An Italian journalist who is under criminal investigation by the Vatican for publishing a book about scandals at the Holy See said this week he refused to answer the Vatican prosecutor’s questions during an interrogation, citing a journalist’s right under Italian law to protect sources.
Emiliano Fittipaldi, author of the new book “Avarice,” based on leaked Vatican documents, said he agreed to go to the Vatican on Monday after being formally summoned because he wanted to understand exactly what he was accused of.
But he told reporters Tuesday that he refused to answer the prosecutor’s questions, citing the protections journalists enjoy in Italy to shield their sources — protections that don’t exist in the Vatican legal code.
“I’d rather go to jail than reveal one of Avarice’s sources,” he said.
Another Italian journalist who wrote a second book about Vatican mismanagement and is also under investigation by the Vatican refused to appear for questioning this week. Gianluigi Nuzzi, author of “Merchants in the Temple,” also cited the utter lack of protections for journalists in the Vatican legal code, and the fact that the Italian constitution guarantees freedom of the press.
Both books detailed the waste, mismanagement and greed at the Vatican and the resistance Pope Francis is running into in trying to clean it up. Two people who had access to the documents cited by the books have been arrested in the case; one remains in a Vatican jail cell.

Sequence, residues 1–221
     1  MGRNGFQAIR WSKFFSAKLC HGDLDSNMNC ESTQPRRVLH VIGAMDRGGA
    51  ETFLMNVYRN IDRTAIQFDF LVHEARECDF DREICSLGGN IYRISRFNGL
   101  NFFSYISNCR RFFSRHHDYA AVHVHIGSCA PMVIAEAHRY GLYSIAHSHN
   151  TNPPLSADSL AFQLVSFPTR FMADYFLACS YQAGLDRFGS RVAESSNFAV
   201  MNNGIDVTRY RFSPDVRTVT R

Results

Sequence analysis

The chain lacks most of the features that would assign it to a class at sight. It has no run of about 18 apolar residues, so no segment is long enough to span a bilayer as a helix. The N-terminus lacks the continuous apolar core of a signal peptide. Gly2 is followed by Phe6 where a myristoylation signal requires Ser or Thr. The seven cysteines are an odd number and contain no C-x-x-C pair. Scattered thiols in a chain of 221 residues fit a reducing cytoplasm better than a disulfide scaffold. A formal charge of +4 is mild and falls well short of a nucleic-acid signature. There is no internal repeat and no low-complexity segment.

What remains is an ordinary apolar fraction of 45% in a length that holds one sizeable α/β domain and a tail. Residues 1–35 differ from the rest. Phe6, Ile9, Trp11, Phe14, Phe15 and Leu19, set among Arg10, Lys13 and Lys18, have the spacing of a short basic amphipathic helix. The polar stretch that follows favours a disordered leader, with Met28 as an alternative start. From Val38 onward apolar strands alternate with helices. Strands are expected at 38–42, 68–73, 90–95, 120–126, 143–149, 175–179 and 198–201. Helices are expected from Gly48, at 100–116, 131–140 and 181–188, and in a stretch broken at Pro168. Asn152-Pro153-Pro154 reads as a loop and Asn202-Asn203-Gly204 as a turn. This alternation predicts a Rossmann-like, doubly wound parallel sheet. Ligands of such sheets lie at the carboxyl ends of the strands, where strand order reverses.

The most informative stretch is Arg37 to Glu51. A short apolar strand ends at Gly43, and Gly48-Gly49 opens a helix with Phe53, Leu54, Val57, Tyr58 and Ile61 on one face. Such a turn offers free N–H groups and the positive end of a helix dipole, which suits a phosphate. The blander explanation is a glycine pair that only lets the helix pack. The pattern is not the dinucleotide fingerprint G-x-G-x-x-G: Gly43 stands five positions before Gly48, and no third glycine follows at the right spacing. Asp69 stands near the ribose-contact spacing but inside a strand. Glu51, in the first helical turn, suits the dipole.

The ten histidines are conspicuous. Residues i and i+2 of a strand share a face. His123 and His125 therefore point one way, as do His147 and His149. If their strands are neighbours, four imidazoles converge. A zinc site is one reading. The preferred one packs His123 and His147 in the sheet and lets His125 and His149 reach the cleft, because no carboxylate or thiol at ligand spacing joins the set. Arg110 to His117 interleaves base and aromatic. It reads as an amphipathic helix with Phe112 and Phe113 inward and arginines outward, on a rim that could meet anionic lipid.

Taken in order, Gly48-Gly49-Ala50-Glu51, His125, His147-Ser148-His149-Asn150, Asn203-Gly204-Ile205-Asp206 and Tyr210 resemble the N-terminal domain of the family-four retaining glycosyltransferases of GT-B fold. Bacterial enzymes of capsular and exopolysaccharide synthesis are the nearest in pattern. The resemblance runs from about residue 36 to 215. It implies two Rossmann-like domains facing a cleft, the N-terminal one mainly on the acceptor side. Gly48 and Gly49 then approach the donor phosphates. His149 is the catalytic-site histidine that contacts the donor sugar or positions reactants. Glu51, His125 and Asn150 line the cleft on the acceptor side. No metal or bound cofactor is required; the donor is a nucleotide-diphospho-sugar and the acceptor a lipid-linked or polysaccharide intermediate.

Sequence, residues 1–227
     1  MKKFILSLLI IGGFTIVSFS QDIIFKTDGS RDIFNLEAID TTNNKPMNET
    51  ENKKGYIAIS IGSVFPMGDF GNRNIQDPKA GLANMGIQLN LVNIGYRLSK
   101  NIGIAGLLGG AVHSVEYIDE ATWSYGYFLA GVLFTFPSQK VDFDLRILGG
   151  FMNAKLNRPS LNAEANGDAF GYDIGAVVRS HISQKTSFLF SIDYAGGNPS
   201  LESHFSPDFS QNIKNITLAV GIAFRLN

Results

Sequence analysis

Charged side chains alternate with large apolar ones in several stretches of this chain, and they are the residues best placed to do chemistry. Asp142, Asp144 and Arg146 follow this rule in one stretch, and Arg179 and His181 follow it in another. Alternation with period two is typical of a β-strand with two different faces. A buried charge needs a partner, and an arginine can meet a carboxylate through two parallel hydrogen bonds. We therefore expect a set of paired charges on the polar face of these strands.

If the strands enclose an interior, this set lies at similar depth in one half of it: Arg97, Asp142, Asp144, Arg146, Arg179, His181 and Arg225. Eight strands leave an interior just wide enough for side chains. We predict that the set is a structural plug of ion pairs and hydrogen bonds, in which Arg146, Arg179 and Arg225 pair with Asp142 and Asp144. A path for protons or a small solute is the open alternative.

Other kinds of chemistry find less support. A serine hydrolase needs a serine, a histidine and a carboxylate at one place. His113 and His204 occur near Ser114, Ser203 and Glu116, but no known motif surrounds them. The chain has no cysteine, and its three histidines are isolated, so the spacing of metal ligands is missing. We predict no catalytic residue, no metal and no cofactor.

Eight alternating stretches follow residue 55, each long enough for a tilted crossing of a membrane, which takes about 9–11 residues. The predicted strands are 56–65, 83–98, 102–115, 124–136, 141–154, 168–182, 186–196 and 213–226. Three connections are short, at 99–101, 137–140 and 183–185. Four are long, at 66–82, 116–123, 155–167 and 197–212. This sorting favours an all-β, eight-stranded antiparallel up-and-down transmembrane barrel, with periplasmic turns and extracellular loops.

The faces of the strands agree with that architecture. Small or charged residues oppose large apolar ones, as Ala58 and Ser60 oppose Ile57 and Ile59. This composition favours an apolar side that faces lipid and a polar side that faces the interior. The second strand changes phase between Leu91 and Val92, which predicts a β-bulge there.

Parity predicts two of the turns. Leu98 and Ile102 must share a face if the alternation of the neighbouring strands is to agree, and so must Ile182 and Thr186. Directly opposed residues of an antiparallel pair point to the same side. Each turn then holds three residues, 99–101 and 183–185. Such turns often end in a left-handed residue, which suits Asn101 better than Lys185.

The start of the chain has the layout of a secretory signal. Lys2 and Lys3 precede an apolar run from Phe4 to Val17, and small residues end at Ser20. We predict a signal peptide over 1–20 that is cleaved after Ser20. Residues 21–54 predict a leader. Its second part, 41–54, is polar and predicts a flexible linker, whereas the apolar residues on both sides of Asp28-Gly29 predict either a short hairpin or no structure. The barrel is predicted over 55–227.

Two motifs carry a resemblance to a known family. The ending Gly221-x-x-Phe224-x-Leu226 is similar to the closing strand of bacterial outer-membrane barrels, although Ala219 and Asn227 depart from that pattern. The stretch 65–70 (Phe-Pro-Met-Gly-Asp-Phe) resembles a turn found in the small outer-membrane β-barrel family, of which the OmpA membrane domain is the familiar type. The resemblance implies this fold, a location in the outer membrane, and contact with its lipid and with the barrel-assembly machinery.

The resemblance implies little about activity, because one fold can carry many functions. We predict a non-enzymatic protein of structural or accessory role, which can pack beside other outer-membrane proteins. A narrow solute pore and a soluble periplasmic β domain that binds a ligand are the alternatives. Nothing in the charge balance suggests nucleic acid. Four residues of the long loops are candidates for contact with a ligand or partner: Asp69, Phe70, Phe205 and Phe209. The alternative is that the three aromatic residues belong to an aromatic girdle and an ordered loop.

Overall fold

Nuzzi’s 2012 book on Vatican waste and wrongdoing, also based on leaked documents, sparked a scandal that helped persuade Pope Benedict XVI to resign. It also prompted the Vatican to pass a law punishing anyone who leaks or publishes confidential information with up to eight years in prison.
If the Vatican tribunal goes ahead and charges the two journalists and ultimately convicts them, it will come down to a political question as to whether the Holy See will request their extradition from Italy — and whether Italy will oblige.
Fittipaldi said Tuesday he expected prosecutors would shelve the case, but that he didn’t think Italy would turn over Italian journalists to face Vatican justice given that the Italian constitutional guarantees freedom of the press.
Fittipaldi said the prosecutor told him he was facing the stiffest possible prison sentence — from four to eight years — because the Vatican considers the publication of the information to have been a crime against the state. According to the 2013 law, the Vatican asserts jurisdiction over foreign citizens even when the alleged crime occurs outside the Vatican if the crime is considered to be against the Vatican itself, and if the potential penalty is over three years.
“I’m really shocked, because reading my book, I would have thought that once the news was out, there would have been investigations about other things inside the Vatican — not the publication of the news,” Fittipaldi said.
Vatican law is extremely strict by Western standards, with disproportionate penalties, and shows a very Old World view of government that assumes that transparency is a bad thing, said Peter Noorlander, chief executive of the London-based Media Legal Defence Initiative, which defends independent media against legal challenges around the world.
He noted that the European Court of Human Rights has significant case law saying that journalists shouldn’t be held liable for the publication of information “even when that information has come into their hands by questionable means, if it’s in the public interest.”